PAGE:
However, most studies investigated older populations, while only a few studies have investigated younger subjects. Based on a sample of middle-aged women, Simons et al. [15] have found an association between income and accelerated aging, that was unaffected by controlling for other SES-related factors (i.e., education, marital status, and childhood adversity). They concluded that chronic financial pressures associated with low income exert a weathering effect that results in premature aging. Using data on age acceleration from the UK Household Longitudinal Study, Hughes et al. [16] confirmed the association of EEA and low SES in early life, but no associations were found with current/adult measures of social position on a sample aged less than 65 years old.

Little is known whether current occupational characteristics or job-related stress - crucial SES characteristics - are associated with EAA. Among the few available studies, a recent study reported an increase in the GrimAge marker, but not in the other two AA markers (DNAm age, PhenoAge), associated with high occupational physical activity [17]. In a US study, performing shift work or night shift work for more than 10 years was associated with an increased EAA PhenoAge marker [10]. Carugno et al. [18], in a study on female nurses, found that night shift work was associated with an increased age acceleration, measured through analysis of five CpG islands in five genes, but limited to subjects with overweight/obesity or exposed to high work stress.

DNA methylation levels (not EAA) have been associated with stress-related conditions. Based on their systematic review of human and animal studies on work stress, burnout and depression, Bakusic et al. [19] concluded that DNA methylation changes are possible biomarkers of stress-related mental disorders. Among human studies, Duman et al. [20] reported a significant increase in global DNA methylation associated with perceived work stress. In a Finnish study on nurses, hypomethylation of the promoter of the serotonin transporter gene (SLC6A4) was associated with both increased burnout symptoms and perceived work stress when mutually adjusted for [21]. Furthermore, in a Japanese study on manufacturing workers, methylation of most CpG islands in the tyrosine hydroxylase gene, promoter included, was significantly increased among those exposed to high job strain [22].

There is ample evidence from the literature on work stress that exposure to psychosocial stressors in the workplace, like those measured using work-stress models such as the demand-control [23] and the effort-reward-Imbalance [24] model, is associated with clinical biomarkers and adverse outcomes. According to the former, the combination of demands and control defines the job strain; it posits that people working in jobs characterized by high demands and low control are at risk of stress-related ill health and disease. Support to this model comes from studies showing that workers exposed to high strain increased risks of coronary heart disease [23, 24], diabetes [25], atherosclerosis in its early non-symptomatic stages [26], as well as increased levels of brain-derived neurotrophic factor [27]. The effort-reward imbalance model, which stems from the social exchange theory [28], captures an employee dissatisfaction about the perceived imbalance between the reward received, in terms of money, career, recognition and job security, and the effort made that would affect well-being and health-related behaviour. In 2017, a review found that effort-reward imbalance was associated with several biological changes in pathways, leading to stress-related conditions: including decreased heart rate variability, increased blood lipids, blood pressure and cortisol release, altered immune function, inflammation, increased risk of metabolic syndrome [29]. Furthermore, a large multicohort study found an increased risk of coronary heart disease associated with high effort-reward imbalance [30].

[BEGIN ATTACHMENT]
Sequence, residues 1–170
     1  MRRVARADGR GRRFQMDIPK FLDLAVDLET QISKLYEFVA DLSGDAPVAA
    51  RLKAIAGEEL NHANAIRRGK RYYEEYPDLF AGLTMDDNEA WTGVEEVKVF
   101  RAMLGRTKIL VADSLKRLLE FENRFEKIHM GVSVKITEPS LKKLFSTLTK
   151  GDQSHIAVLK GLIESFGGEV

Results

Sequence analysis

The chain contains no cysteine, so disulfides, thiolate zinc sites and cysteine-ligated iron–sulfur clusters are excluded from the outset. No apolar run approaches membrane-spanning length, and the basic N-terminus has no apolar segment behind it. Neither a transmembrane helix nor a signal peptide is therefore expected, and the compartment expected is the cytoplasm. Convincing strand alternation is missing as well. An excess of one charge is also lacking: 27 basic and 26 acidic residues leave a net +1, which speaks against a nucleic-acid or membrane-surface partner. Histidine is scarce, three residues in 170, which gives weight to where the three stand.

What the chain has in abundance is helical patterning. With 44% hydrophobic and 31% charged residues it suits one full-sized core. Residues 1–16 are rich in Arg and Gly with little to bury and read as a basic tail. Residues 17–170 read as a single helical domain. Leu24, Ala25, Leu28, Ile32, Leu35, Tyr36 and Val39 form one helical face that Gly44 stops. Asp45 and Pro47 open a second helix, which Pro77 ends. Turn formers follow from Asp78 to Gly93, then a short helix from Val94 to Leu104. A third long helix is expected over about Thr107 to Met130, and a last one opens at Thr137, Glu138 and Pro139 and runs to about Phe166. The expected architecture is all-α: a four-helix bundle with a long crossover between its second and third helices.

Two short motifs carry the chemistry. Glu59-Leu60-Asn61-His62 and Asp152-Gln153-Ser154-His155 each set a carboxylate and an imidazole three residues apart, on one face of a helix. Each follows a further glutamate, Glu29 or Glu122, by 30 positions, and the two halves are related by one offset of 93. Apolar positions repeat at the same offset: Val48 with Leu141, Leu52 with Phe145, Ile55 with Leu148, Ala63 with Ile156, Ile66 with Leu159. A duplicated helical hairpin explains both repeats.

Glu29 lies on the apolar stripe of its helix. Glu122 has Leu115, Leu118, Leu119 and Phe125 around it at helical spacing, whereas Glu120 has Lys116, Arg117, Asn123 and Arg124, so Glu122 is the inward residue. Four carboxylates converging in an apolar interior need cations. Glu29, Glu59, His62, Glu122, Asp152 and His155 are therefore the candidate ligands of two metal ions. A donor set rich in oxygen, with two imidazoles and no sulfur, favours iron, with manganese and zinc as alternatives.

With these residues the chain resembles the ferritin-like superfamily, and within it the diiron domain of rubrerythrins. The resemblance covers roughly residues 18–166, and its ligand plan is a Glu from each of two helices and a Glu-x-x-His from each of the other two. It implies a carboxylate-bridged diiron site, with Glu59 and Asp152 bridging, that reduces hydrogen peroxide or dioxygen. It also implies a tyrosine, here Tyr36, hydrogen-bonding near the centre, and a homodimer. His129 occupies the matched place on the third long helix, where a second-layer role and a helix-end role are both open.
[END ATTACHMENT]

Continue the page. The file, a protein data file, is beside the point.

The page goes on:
In this context, to contribute elucidating potential mechanisms through which life-stressing conditions and job stress may impact health, we investigated the relation of EAA with psychosocial and other work characteristics. In relation to epigenetic clocks, we examined the distribution of work-related stress and well-being indicators in the Northern Finland Birth cohort 1966 (NFBC 1966), adjusting for known risk factors for accelerated ageing.

We analyzed well-known work-related stress indicators such as job strain, effort-reward imbalance and overcommitment, discontinuous work history, excessive working hours, shift work, and other work characteristics, including two indicators of positive occupational psychology: work engagement and work favouring attitude. We evaluated the epigenetic age acceleration using five epigenetic ageing biomarkers: Horvath and Hannum first-generation clocks, Levine DNA methylation PhenoAge and Lu's DNA methylation GrimAge (the last two known as the second-generation clocks), and the newly developed pace of aging biomarker, DunedinPoAm, trained on longitudinal data [1, 6, 3133].